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Cancer Society calls for action following delayed diagnosis cases

Ms Phelan’s smear test in 2011 was found to be incorrect in a 2014 audit of tests on a number of women. While Ms Phelan was diagnosed with cervical cancer in 2014, she did not learn of the review or audit until 2017.

Yesterday Ms Phelan, who is now terminally ill, settled a High Court action for €2.5 million against a clinical laboratory in the US, which is sub-contracted by CervicalCheck to assess the tests.

The Cancer Society said today that Ms Phelan and her family have been through a trying and traumatic experience, “and we wish her the very best with her continued treatment, and want to offer our support, should she or her family need it.”

It added: “A cancer diagnosis is one of the most, if not the most, difficult experiences a person and their family can deal with. Doing so at a late stage, in the knowledge that you could have been diagnosed earlier is a harrowing experience, and it is saddening to see cancer patients on the steps of the High Court.

“It is our understanding from reports today that at least 14 other women were affected by the review in which Vicky Phelan’s case was identified. The Irish Cancer Society wants those women to know that if any of them need support or wish to speak in confidence, the Society is here to listen, and our trained cancer nurses are available at 1800 200 700.”

The Irish Cancer Society said it is “fully supportive” of the CervicalCheck programme, “which is truly-life saving”.

It added: “This is the best available measure we have at our disposal to detecting cervical cancer early and has helped reduce the cervical cancer rate nationally at a rate of 7 per cent, per year. Combined with the HPV vaccine, there is an opportunity to all but eradicate cervical cancer in the decades ahead.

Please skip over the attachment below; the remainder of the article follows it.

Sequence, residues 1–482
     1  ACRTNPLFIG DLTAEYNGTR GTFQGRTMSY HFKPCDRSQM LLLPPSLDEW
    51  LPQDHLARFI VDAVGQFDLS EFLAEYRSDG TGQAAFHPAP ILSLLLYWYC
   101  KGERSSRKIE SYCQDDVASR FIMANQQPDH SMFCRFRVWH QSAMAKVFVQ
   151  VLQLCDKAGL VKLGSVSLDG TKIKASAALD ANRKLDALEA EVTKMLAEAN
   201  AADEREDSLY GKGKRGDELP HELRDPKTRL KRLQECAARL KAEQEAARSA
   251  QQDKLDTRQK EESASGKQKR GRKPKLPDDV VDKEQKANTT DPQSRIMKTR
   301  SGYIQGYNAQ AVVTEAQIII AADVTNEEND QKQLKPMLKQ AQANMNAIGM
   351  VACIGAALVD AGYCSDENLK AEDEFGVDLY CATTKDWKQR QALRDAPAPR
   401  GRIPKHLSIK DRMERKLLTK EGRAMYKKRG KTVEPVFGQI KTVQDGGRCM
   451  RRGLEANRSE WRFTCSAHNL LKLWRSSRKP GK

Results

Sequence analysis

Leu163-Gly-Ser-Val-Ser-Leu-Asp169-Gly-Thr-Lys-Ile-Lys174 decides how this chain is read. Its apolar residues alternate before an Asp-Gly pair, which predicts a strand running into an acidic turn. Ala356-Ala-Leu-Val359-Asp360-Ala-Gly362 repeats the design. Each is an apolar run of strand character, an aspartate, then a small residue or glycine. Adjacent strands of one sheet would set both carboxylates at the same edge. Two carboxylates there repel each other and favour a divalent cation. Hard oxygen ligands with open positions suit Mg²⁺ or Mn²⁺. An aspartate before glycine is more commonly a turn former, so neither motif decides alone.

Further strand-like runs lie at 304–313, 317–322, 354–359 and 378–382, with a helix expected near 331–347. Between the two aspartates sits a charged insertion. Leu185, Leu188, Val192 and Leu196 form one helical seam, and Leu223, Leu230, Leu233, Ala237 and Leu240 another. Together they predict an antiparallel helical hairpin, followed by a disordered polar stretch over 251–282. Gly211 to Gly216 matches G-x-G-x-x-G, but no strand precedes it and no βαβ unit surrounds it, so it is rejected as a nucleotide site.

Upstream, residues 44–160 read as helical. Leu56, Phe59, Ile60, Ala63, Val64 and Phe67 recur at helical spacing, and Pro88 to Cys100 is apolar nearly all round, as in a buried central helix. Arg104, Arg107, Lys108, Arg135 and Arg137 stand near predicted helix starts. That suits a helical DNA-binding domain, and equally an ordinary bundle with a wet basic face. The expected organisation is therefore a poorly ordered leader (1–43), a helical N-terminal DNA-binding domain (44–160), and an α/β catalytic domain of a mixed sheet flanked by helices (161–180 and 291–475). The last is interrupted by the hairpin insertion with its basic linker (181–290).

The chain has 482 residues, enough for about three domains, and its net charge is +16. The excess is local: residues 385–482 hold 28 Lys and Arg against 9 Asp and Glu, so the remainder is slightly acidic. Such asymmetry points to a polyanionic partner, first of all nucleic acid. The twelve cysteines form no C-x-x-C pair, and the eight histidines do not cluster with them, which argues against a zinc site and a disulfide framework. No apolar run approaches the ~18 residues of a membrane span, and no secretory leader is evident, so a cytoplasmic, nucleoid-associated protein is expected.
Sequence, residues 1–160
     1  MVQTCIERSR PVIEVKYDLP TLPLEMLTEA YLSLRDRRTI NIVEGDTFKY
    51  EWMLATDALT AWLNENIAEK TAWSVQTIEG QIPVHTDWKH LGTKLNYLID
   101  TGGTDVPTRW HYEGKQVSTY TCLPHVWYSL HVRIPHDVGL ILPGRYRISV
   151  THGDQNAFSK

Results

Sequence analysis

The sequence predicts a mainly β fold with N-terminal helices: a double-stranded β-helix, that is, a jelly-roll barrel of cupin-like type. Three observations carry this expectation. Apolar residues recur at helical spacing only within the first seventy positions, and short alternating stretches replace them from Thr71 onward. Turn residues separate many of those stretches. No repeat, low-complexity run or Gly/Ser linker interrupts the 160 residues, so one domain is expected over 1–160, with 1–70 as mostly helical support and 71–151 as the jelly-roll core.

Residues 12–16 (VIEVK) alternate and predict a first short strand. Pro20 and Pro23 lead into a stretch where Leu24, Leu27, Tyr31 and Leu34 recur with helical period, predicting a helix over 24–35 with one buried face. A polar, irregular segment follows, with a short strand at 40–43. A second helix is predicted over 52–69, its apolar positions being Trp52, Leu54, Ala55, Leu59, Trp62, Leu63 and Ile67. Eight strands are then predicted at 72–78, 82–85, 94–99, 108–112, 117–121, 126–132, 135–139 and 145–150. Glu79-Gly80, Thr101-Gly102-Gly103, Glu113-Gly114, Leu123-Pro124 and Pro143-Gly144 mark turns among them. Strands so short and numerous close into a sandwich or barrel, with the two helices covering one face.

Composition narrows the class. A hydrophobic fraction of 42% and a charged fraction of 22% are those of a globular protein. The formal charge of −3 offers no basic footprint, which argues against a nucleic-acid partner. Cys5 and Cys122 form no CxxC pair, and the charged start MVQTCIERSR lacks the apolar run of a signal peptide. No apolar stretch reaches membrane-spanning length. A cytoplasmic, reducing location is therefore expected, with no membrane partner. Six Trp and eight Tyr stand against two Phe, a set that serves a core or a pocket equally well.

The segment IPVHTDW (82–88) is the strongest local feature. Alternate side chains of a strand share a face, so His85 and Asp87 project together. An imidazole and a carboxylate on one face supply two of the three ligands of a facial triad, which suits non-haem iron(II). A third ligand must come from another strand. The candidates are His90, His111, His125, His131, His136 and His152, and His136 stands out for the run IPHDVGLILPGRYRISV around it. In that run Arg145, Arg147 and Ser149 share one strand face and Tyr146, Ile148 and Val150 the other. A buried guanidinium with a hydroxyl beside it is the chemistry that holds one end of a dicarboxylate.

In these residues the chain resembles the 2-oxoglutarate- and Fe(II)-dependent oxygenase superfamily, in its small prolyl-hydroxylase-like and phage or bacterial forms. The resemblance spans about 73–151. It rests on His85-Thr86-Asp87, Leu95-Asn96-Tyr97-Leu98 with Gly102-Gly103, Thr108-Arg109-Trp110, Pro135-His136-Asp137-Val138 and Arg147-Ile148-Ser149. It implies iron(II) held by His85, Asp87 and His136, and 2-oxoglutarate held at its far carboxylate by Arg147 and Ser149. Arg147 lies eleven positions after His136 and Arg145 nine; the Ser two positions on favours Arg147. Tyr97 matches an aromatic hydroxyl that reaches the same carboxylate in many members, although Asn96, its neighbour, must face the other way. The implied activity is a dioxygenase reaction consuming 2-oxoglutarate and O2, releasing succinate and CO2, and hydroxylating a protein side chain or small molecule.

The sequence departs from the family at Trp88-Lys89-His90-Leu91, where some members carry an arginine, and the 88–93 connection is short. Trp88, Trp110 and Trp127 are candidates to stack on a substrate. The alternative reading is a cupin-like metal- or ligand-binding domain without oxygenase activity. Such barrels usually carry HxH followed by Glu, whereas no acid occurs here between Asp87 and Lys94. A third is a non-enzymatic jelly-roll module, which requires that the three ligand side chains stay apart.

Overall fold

“The Society has full confidence in the service, which we expect will progress from smear to HPV testing as a first-line test in the near future. This will further reduce the risk of cervical cancer and improve identification of the risk of cervical cell abnormalities.

“We must acknowledge that there will never be a health service without some degree of human error and that no diagnostic test or screening service is 100 per cent reliable, but what should be the number one priority for all aspects of the health service is the patient and their care.”

In the case of Ms Phelan, the Irish Cancer Society said it is deeply concerned that it took three years to notify her of missed abnormalities in her initial screen. “This represents a breakdown in communication. No woman should have to wait this long for information relevant to their care.”

The Society added: “The health service needs to display candour in situations such as these. Recent months have seen a number of examples of poor communication around cancer misdiagnoses or missed abnormalities. This suggests that unless further change is forthcoming, a duty of candour for state bodies needs to be put on a statutory footing, so that patients get the information relevant to them and to stop the same problems happening again and again.

“There are clear lessons from this case for the HSE and the National Screening Service. An external review needs to take place to make sure that processes for communicating information about missed abnormalities or missed diagnoses are put in place, and that the responsibility for who must do that is made absolutely clear. This must be a prompt, responsive and unambiguous system, whereby all women are who find themselves in such a situation are communicated with, in line with their expressed wishes.”

The Society welcomed the comments from Prof Gráinne Flannelly, Clinical Director of CervicalCheck, that the service accepts the need for such an external review and this must happen as soon as possible.

“The Irish Cancer Society accepts mistakes happen in a service that cannot provide 100 per cent protection, but further, potentially devastating harm can be caused when information that is clearly pertinent to the patient is not communicated.”

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